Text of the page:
The United Nations panel tasked with monitoring the referendum on the future status of Southern Sudan today welcomed yesterday’s conclusion of polling, saying the process was well organized and enabled the people of the region to express their will freely.
The panel congratulated the people of Sudan for ensuring that the process took place on schedule and proceeded peacefully, giving credit to the Southern Sudan Referendum Commission (SSRC) and the Southern Sudan Referendum Bureau (SSRB) for overcoming serious time and resource constraints to carry out the referendum successfully.
The 9 to 15 January plebiscite will determine whether the south remains part of Sudan or chooses independence, and is part of the process to implement the 2005 Comprehensive Peace Agreement (CPA) that ended two decades of civil war between the north and the south.
Sixty per cent of the nearly 4 million voters registered to take part in the referendum have to vote for the outcome to be valid.
The Secretary-General’s Panel on the Referenda in the Sudan, headed by former Tanzanian President Benjamin Mkapa, said that by having the referendum take place as stipulated in the agreement, both parties to the CPA had summoned the courage and political commitment required to ensure that the peace process moves forward.
During the week of polling, the panel’s three members visited referendum centres in eight states, and its staff monitored the process in all southern states and across the north. The presence of over 22,000 Sudanese and international observers helped make the process transparent, the members of the panel said, adding that staff at referendum centres “coped admirably with the very high turnout.”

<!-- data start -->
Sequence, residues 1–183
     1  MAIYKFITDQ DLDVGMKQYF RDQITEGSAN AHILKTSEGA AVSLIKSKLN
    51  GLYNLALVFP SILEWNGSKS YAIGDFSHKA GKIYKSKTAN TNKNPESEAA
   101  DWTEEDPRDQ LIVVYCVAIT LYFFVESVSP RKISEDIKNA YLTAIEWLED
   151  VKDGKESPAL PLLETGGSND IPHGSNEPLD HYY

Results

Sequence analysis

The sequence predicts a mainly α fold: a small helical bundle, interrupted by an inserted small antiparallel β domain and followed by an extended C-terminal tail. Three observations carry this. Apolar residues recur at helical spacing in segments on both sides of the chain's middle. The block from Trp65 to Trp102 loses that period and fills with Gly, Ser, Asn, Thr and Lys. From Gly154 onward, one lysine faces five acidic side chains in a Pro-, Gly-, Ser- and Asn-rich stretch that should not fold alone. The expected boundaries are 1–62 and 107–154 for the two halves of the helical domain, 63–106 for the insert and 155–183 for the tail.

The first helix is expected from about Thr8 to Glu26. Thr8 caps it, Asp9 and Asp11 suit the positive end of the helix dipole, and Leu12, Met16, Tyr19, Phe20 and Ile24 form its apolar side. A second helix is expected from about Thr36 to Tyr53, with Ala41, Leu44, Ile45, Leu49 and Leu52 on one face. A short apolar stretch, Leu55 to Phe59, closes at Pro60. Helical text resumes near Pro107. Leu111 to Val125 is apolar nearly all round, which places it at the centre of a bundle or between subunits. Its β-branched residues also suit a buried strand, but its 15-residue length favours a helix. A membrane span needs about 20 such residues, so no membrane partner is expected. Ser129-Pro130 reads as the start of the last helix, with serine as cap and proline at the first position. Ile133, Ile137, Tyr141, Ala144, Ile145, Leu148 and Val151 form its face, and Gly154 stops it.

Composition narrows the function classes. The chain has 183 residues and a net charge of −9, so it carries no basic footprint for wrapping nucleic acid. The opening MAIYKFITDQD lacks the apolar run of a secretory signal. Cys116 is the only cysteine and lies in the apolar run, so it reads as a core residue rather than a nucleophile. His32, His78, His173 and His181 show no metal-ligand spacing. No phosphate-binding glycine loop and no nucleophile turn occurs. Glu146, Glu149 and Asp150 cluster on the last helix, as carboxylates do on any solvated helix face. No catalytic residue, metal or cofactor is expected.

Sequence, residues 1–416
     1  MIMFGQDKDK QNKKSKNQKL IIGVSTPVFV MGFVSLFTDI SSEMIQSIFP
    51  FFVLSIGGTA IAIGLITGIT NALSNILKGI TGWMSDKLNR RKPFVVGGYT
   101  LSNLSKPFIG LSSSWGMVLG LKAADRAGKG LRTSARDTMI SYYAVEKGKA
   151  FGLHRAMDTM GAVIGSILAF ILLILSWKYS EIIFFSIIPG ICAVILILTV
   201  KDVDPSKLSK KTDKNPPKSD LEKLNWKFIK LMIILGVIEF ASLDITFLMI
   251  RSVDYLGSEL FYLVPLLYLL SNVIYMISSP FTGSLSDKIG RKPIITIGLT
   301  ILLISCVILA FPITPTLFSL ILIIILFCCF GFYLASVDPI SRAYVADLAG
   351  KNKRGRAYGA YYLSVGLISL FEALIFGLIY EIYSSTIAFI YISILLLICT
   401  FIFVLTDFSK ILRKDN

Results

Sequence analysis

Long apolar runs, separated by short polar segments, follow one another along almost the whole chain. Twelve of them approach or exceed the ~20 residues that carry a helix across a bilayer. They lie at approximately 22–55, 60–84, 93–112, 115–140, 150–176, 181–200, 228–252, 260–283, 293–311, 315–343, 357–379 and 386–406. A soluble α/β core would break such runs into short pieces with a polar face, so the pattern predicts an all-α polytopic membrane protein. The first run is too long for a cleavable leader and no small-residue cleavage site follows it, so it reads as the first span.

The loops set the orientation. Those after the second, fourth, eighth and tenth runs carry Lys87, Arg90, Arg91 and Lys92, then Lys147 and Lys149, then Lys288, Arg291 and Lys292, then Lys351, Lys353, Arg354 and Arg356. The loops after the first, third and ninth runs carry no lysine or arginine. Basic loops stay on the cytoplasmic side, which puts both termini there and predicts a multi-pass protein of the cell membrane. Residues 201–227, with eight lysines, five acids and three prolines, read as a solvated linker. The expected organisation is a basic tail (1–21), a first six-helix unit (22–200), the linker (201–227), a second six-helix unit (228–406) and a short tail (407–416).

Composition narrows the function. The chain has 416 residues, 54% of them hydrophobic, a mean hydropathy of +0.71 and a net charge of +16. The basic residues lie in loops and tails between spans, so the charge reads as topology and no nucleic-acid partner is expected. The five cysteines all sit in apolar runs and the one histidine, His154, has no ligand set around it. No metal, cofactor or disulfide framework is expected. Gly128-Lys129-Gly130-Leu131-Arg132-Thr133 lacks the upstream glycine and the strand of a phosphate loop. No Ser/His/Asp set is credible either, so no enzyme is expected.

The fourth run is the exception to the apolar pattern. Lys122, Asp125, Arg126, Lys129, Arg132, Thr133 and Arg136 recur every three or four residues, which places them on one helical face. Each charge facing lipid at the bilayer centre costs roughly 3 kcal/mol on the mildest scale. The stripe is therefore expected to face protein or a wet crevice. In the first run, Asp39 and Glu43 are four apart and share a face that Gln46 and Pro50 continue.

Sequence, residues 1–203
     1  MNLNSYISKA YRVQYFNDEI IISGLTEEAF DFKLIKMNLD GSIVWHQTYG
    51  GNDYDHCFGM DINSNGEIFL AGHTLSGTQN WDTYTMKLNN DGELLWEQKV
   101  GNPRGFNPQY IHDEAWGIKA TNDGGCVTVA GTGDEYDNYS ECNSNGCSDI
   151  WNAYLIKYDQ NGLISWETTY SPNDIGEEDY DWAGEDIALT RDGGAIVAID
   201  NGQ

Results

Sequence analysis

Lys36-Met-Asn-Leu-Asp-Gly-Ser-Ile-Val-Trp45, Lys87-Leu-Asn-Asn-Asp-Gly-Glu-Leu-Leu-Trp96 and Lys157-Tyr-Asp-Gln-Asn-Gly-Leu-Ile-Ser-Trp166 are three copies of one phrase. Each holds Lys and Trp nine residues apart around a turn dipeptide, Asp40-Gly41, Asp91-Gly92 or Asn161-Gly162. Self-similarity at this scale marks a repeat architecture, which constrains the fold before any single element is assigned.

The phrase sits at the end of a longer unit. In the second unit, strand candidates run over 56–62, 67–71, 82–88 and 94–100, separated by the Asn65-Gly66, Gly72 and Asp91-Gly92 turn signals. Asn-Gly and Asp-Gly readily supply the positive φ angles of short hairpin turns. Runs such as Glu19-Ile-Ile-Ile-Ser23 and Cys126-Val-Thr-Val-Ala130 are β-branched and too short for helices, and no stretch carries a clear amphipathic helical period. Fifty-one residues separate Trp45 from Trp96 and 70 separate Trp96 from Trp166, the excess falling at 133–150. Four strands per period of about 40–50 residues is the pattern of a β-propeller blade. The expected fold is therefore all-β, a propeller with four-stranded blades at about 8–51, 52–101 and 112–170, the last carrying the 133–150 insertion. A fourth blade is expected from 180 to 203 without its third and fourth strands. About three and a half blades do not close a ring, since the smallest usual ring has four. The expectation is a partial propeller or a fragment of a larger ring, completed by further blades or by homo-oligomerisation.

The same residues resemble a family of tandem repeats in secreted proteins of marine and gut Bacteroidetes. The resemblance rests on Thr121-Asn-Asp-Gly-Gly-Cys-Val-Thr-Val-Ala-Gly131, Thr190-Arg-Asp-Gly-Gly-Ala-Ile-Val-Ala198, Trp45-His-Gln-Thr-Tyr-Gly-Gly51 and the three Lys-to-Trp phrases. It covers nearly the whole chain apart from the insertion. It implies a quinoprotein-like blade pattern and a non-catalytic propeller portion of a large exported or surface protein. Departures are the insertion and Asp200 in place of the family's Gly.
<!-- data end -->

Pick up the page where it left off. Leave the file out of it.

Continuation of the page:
“Based on its observations, and those of its staff in the field, as well as from accounts conveyed by various interlocutors in Sudan, the Panel is satisfied that the process allowed the people of Southern Sudan to express their will freely,” the members of the panel said in a statement to the press.
They said the process of transmitting the results from nearly 3,000 referendum centres to county and state levels, and then to Southern Sudan’s capital, Juba, and Khartoum, the national capital has started. It will take several weeks before the final, official results are known, they added.
“While the Sudanese would want to know the outcome of the referendum quickly, we urge the people of Sudan to be patient and be aware that only the results announced by the referendum authorities are official,” the members of the panel said.
They urged Government authorities and the SSRC to make every effort to ensure that all citizens are kept well-informed of the progress towards the final results, and called upon the media and political entities to report on the progress in a responsible manner.
The Panel also stresses the importance of the protection of civilians in the weeks ahead.
Southerners living in the North and Northerners living in the South must be able to go about their daily lives in safety and dignity, and the Panel calls on all sides to play their part to ensure the security of the population,” the panel members added.
The panel is playing a good offices role on behalf of Secretary-General Ban Ki-moon to strengthen confidence in the Sudanese-led referenda process, and to encourage the parties and relevant authorities to resolve any significant problems or disputes as they emerge.
The two other members of the panel are António Monteiro, a former Minister of Foreign Affairs of Portugal and Bhojraj Pokharel, a former Chairman of the Election Commission of Nepal.
Yesterday, Mr. Ban welcomed the end of the polling period and congratulated the people for their patience and peaceful determination to cast their ballots, which, he said, characterized voting over the past week.